The American Mural Project: Massive Interactive Work Evolves in Winsted

 

When it’s complete, the American Mural Project (AMP) could be the largest piece of interactive indoor artwork in the country—in Winsted, of all places. That’s if it’s ever finished.

After 15 years, over $3 million and the work of over 10,000 children, another five years and millions of dollars are still needed to complete Sharon-based artist Ellen Griesedieck’s 3-D mural honoring the nation’s work force. When completed, it will stand 120 feet long by 48 feet high by 6 feet deep, and will depict a range of professions, from construction workers to surgeons, teachers to truck drivers.

Griesedieck first conceived of the mural in 1999 after creating a series of paintings of working Americans. AMP was incorporated in 2001, and has received donations from various entities including Newman’s Own Foundation, the Alcoa Foundation, Connecticut Light & Power, the Connecticut Commission on Culture and Tourism and TD Bank.

Arts education has been part of Griese-dieck’s process since the beginning. She has hosted creative workshops around the country, encouraging children to create their own art to be included in the final product—children from 16 states have contributed to the mural so far.

“It’s not a paint-by-numbers,” Griesedieck explains. “That doesn’t give [children] any creative problem-solving experience out of it.”

Ultimately, all 50 states will be represented. “When you have a great idea, it kind of builds on itself. You don’t get it all at once,” says Griesedieck. If it had, she says she never would have started.

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A small piece of the mural remains to be fashioned, but a bigger roadblock is the funds necessary to restore the two factory buildings in Whiting Mill that Griesedieck purchased in 2006 to house the work. She chose Winsted because of its proximity to Sharon—when she first embarked on the project her children were young and she wanted an easy commute. More importantly though, Winsted is a “town built on the work the mural celebrates,” she says.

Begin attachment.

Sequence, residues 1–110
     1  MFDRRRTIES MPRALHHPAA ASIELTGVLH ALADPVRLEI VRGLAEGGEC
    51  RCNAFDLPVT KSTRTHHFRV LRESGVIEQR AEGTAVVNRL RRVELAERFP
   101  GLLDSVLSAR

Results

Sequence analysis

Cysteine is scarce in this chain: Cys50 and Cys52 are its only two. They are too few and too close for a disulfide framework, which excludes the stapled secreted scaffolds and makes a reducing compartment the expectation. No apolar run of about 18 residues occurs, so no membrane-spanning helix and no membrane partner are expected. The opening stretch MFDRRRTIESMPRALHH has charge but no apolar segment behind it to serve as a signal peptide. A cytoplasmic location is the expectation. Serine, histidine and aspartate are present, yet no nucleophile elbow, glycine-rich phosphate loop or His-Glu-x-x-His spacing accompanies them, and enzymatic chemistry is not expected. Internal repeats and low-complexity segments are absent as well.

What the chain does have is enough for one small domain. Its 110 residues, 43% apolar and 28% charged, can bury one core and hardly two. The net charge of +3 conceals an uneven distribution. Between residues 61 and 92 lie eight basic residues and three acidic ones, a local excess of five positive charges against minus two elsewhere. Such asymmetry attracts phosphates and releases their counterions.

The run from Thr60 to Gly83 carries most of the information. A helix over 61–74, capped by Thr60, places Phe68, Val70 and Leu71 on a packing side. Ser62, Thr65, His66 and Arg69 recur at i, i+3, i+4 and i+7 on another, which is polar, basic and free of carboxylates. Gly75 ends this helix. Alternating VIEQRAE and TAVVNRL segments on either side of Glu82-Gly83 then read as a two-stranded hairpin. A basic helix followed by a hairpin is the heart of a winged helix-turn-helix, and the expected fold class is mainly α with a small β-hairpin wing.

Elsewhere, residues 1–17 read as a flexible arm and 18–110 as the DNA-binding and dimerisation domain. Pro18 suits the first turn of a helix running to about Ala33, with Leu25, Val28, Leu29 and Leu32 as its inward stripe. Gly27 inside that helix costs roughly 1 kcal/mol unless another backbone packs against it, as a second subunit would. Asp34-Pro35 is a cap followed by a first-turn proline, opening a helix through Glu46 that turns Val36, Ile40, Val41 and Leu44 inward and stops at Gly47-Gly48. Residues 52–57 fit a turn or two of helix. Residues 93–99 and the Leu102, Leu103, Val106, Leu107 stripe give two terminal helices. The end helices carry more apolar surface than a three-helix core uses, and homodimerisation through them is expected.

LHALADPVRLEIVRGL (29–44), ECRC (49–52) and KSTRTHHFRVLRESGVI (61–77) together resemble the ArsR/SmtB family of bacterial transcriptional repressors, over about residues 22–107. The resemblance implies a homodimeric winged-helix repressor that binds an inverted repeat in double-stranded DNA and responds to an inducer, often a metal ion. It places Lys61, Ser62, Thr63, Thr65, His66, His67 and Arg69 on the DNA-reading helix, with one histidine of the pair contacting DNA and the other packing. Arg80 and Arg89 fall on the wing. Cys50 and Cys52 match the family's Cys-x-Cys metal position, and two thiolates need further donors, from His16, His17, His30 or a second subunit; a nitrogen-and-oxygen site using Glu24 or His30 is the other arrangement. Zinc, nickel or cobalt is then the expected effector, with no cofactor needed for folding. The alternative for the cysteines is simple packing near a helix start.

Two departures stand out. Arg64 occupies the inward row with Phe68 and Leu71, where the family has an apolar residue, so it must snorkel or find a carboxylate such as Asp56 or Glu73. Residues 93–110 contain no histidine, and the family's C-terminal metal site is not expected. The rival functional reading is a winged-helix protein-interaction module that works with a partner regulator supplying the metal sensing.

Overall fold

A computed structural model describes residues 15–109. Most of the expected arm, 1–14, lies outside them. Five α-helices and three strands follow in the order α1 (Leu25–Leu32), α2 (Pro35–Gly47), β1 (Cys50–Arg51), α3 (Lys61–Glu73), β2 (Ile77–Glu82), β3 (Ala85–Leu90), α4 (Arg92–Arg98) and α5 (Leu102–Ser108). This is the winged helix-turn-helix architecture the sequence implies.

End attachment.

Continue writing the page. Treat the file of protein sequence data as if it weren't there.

The vision is to create a “destination” in Winsted. Winding ramps will allow people to see the mammoth mural up close. “The kids are going to be in this jungle of art,” says Griesedieck. An atrium will connect the art space to an interactive visitors’ center that will include a theater, studio space, classrooms and additional exhibits. Long-term plans include expanding the parking lot and creating a woodland park for summer concerts. “This building is going to be as big as the Parthenon,” laughs Griesedieck.

The space, which is listed on the National Register of Historic Places, has gone through an extensive cleanup made possible through a federal Brownfields grant. In January, AMP formally requested a $3 million bond from the state to raise the building’s roof 25 feet to allow for the installation of the mural, the opening of the museum facilities and renovation of the second building where the visitor’s center will be. State Sen. Clark Chapin (R-Brookfield), state Rep. Jay Case (R-Winchester), U.S. Congressman John Larson and Winchester Town Manager Dale Martin all wrote formal letters to Gov. Dannel P. Malloy seeking support.  

Should the state not come through, AMP will have to go back to the drawing board. Griese-dieck admits they can’t go much further without significant additional funding. “You can only go so far without the help and if it doesn’t seem important enough to people, then I was wrong,” she says. “How does that go down to all the kids I’ve promised this to? The answer is I let every kid know when they start working on this, here’s what it’s like to work on a crazy idea. If you believe in it, don’t let anyone talk you out of it.”

She’s seen the impact AMP has had on children across the country. Griesedieck herself has been forever changed by the mural, and she hopes, when it’s finally complete, it will continue to impact visitors for years to come.

After 15 years, she’s still believes in her crazy idea. “Why do I think it’s going to happen?” Griesedieck asks. “Because I do.”                

 

The American Mural Project: Massive Interactive Work Evolves in Winsted

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